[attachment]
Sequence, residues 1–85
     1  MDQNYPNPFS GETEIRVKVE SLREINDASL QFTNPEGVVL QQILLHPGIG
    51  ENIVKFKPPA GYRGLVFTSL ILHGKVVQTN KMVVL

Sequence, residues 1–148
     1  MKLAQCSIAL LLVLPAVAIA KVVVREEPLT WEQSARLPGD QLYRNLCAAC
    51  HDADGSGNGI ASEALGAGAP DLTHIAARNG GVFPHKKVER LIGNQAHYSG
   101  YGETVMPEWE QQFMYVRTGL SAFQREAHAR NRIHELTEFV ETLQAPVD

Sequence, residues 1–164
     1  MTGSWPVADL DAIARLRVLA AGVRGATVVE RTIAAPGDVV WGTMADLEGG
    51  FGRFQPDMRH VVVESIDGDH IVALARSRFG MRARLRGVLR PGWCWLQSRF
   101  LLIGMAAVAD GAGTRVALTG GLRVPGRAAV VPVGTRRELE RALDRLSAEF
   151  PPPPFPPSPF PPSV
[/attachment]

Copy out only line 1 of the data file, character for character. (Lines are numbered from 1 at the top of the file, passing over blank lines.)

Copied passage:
Sequence, residues 1–85